Phase 2: Onboarding

Congrats! You found candidates to start the journey of becoming reinsurance analysts. It’s time to kick off the first 100 days. The key to successful onboarding is having a structured program in place. Why? 

Employees who attend structured programs are

  • 69% more likely to remain after 3 years*

Organizations with structured programs enjoy:

  • 60% year-over-year improvement in revenue.
  • 63% year-over-year improvement in customer satisfaction.

* Stats pulled from SHRM Foundation’s Effective Practice Guidelines Series

So what are the key phases and activities of a staff onboarding program? At LOGiQ3, we take pride in our onboarding program, here are some key highlights: 

  • A company-wide email including a photo of the new hire (allowing those who work remotely to put a face to the name) is sent to everyone to properly introduce them
  • Each new hire is surprised with a giant welcome basket with personalized items to make them feel extra special
  • During the first day, the hire will not be set up on their computer yet. Their first day is all about meeting the teams and absorbing the culture!
  • During the first week, the new hire is scheduled to meet with every team and its members to understand the entire company’s philosophy and services! This includes the CEO and Co-Founders!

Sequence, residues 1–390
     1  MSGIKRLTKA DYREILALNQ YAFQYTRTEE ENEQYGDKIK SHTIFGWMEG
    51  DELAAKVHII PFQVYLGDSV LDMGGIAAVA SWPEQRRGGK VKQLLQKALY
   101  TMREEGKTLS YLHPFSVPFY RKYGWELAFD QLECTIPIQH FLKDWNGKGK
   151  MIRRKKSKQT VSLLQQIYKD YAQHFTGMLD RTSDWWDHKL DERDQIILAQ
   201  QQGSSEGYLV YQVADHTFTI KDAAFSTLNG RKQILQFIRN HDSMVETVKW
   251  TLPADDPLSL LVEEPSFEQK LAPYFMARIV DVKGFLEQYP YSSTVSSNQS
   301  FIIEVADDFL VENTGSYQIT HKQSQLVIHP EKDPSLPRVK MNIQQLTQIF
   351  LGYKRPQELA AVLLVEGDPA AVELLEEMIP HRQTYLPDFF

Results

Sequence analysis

• During the first month, a Culture Indoctrination Meeting is conducted by our Head of Culture to fully immerse the new hire into our culture and set performance expectations

Phase 3: Training and Development

This phase can take many shapes and forms and will likely be incorporated into part of the onboarding phase. So what kind of training is part of our strategy to get reinsurance administrators into tip top shape?

Here are some that we’ve implemented and have experienced great results:

Phase 4: Quality Assurance

Why is this important and what do you do to insure QA?

  • Present your work, have new hires walk you through their thought processes to illustrate their understanding and comprehension of the theory of reinsurance and the function of their job. At this stage the thought process is the most important part of solving the problem. The answers are almost secondary
  • Develop a list of functional job task that are testable and throughout the first 100 days test often and provide feedback where necessary
  • Peer Review. Have senior members of your team review their work and offer feedback (this is a great development opportunity for your senior staff and facilitates the knowledge transfer required for effective succession planning

Can you see it? The light at the end of the tunnel! New hires -you’ve made it through the first 100 days as an administrator, and managers – you’re contributing the rise of reinsurance analysts and also being proactive in addressing the future challenges of upcoming retirements! This is just the beginning of a successful journey ahead. Continue the progression through ongoing training, development and education.

Download our Training Guide for Reinsurance Managers and start mastering these four phases.

 

Written by
Natalie Ho